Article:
The new Virginia Street Bridge in downtown Reno will replace the historic bridge where Marilyn Monroe nearly cast off her wedding ring in The Misfits.
U.S. Library of Congress

Smoo B led, and I followed, as he unfolded a spontaneous set of river music: a relaxed take on Neil Young’s “Down By the River,” followed by a meander through Bob Dylan’s “Watching the River Flow,” which segued magically into B’s crazy, mellow cover of the Talking Heads’ cover of the Reverend Al Green’s classic “Take Me to the River”—a tune he strummed with a staccato rhythm that made it sound like it was being played by Bob Marley rather than David Byrne. 

“Dip me in the river / Drop me in the water / Washing me down / Washing me down.” As Smoo B finished those lines and looked up, and I lowered my harp from my mouth and opened my eyes, we both noticed something curious. While we were jamming, three people had planted themselves on the landing not far from us. There was an older man, a middle-aged woman, and a very young man. They looked as if they knew each other, and yet they did not quite seem to be together. They appeared to have been attracted by the music, but despite a few furtive glances our way, they made no eye contact with us as they sat staring toward the afternoon light rippling on the river. All were shabbily dressed. The young man had a grimy backpack and bedroll, the woman a bulging, oversized canvas sack, the older man a plastic garbage bag half full of crumpled aluminum cans. It was clear enough that they were homeless. Here, in the shadow of the casinos, lived the river people whose luck had run dry.

Late afternoon, Truckee River in Reno, looking east.
Michael Branch

I slapped the harp on my thigh and wiped the face of its comb across my jeans to give myself a moment to think. Then I looked at Smoo B and tipped my head in the direction of our audience. B smiled and nodded. 

“We’re worried y’all can’t hear very well from over there,” Smoo B called over to the strangers. “We’ve got some more river music coming up. You want to join us?” The three looked over with surprise and then, with only a slight hesitation, stood up and made their way over to us. With no further words, Smoo B built on the earlier reggae vibe with a sweet, lilting strum through Jimmy Cliff’s “Many Rivers to Cross,” which he nodded for me to sing. I couldn’t remember the first verse, so I began with the second: “Many rivers to cross / And it’s only my will that keeps me alive / I’ve been licked, washed up for years / And I merely survive because of my pride.” By the time we finished the song, three or four other homeless folks had joined the audience; word had somehow spread among the poor people residing in the willow thickets and beneath the bridge overpasses of the Truckee River corridor.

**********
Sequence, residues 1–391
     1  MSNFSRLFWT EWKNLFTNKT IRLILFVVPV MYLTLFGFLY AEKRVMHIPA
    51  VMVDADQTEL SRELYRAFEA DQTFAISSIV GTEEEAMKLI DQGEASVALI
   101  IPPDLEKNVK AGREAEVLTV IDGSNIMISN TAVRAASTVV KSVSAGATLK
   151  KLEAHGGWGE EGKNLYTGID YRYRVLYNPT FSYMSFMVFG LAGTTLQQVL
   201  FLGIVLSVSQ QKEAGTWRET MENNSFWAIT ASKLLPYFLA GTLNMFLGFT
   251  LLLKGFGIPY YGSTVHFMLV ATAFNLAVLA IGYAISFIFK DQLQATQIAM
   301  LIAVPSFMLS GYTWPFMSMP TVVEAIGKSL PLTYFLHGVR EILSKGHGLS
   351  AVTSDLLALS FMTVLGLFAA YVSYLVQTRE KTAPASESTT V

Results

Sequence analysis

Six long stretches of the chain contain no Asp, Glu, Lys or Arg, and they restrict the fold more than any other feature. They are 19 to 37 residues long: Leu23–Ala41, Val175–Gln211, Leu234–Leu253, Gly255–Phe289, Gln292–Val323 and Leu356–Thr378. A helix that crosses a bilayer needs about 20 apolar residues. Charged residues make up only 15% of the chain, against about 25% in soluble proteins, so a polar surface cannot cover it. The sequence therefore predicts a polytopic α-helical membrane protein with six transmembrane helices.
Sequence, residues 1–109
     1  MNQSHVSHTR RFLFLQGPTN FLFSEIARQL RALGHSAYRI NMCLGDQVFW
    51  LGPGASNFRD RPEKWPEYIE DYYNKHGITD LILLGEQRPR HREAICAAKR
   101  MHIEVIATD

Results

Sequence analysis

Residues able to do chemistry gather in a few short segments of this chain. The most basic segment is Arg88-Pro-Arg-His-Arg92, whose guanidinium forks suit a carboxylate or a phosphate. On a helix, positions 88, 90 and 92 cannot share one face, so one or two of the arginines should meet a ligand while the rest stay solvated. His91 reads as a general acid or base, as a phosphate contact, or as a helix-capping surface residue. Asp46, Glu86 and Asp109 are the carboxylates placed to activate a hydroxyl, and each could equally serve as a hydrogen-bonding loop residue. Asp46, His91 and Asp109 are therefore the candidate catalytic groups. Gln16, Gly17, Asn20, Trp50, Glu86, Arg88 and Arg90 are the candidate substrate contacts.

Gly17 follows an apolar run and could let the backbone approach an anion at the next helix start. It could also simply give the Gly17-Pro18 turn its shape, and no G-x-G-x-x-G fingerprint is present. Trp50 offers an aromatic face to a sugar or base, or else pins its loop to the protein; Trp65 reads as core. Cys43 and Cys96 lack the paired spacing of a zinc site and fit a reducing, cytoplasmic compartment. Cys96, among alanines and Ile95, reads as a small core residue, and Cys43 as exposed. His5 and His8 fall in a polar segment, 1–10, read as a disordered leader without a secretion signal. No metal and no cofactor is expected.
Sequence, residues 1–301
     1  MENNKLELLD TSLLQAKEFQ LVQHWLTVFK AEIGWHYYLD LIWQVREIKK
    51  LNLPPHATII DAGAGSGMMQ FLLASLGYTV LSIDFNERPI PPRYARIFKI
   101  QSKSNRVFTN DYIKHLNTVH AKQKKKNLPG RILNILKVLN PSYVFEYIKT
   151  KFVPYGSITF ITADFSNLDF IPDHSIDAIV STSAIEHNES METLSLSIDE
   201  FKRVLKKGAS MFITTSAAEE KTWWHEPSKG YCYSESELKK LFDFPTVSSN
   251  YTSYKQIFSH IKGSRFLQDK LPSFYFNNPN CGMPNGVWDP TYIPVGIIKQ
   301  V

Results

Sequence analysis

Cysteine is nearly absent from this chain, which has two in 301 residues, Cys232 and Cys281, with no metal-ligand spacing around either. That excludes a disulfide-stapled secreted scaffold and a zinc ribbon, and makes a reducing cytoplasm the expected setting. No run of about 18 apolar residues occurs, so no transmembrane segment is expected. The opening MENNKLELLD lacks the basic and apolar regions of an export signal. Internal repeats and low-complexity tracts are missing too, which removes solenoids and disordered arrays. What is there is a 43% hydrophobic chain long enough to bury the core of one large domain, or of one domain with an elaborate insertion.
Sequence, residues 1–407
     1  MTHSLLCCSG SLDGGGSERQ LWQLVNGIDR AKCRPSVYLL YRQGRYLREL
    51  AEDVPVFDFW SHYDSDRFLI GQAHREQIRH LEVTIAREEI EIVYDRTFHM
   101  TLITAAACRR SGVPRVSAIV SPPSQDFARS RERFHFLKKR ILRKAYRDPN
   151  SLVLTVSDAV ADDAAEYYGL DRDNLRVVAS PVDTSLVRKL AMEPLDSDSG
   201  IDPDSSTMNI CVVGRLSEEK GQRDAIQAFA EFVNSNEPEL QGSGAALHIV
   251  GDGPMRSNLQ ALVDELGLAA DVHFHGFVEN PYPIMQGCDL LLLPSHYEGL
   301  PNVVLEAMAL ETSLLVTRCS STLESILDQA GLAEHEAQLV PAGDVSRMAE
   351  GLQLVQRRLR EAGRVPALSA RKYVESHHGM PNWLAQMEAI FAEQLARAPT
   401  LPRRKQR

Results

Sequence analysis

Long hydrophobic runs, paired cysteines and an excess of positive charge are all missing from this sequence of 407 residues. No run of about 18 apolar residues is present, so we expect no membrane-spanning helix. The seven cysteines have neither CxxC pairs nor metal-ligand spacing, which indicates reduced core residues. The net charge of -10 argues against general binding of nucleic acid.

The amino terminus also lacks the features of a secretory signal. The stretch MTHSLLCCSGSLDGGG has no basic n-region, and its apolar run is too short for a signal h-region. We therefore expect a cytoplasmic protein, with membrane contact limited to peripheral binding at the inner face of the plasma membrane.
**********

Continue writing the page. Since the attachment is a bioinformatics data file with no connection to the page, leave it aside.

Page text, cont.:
Smoo B launched into a short, reckless version of Johnny Cash’s “Five Feet High and Rising,” though neither of us remembered many of the words. B recalled, “The chickens are sleepin’ in the willow trees / The cow’s in water up past her knees,” and I came up with, “The rails done washed out north of town / We gotta head for higher ground,” but mostly we just threaded out a lonesome jam, the end of which was met by an audience that had once again doubled in size. Although we had fumbled the tune badly, we still received applause, and there were smiles everywhere when B, while retuning, said with a grin, “Could be that one needs a little work. Well, any requests?” 

After a pause, a homeless man who appeared to be in his thirties spoke up. “How about Springsteen’s ‘The River’?” 

“Can you help us out with those lyrics?” I asked.

“Sure can try,” the guy smiled back. B launched into the tune, and the man sang the sad ballad with genuine feeling, never missing a word. I choked up a little as I tried to nail the harp solo coming out of the final verse, which, given both the singer and the situation, was heartbreaking and poignant: “Now those memories come back to haunt me, they haunt me like a curse / Is a dream a lie if it don’t come true, or is it something worse?”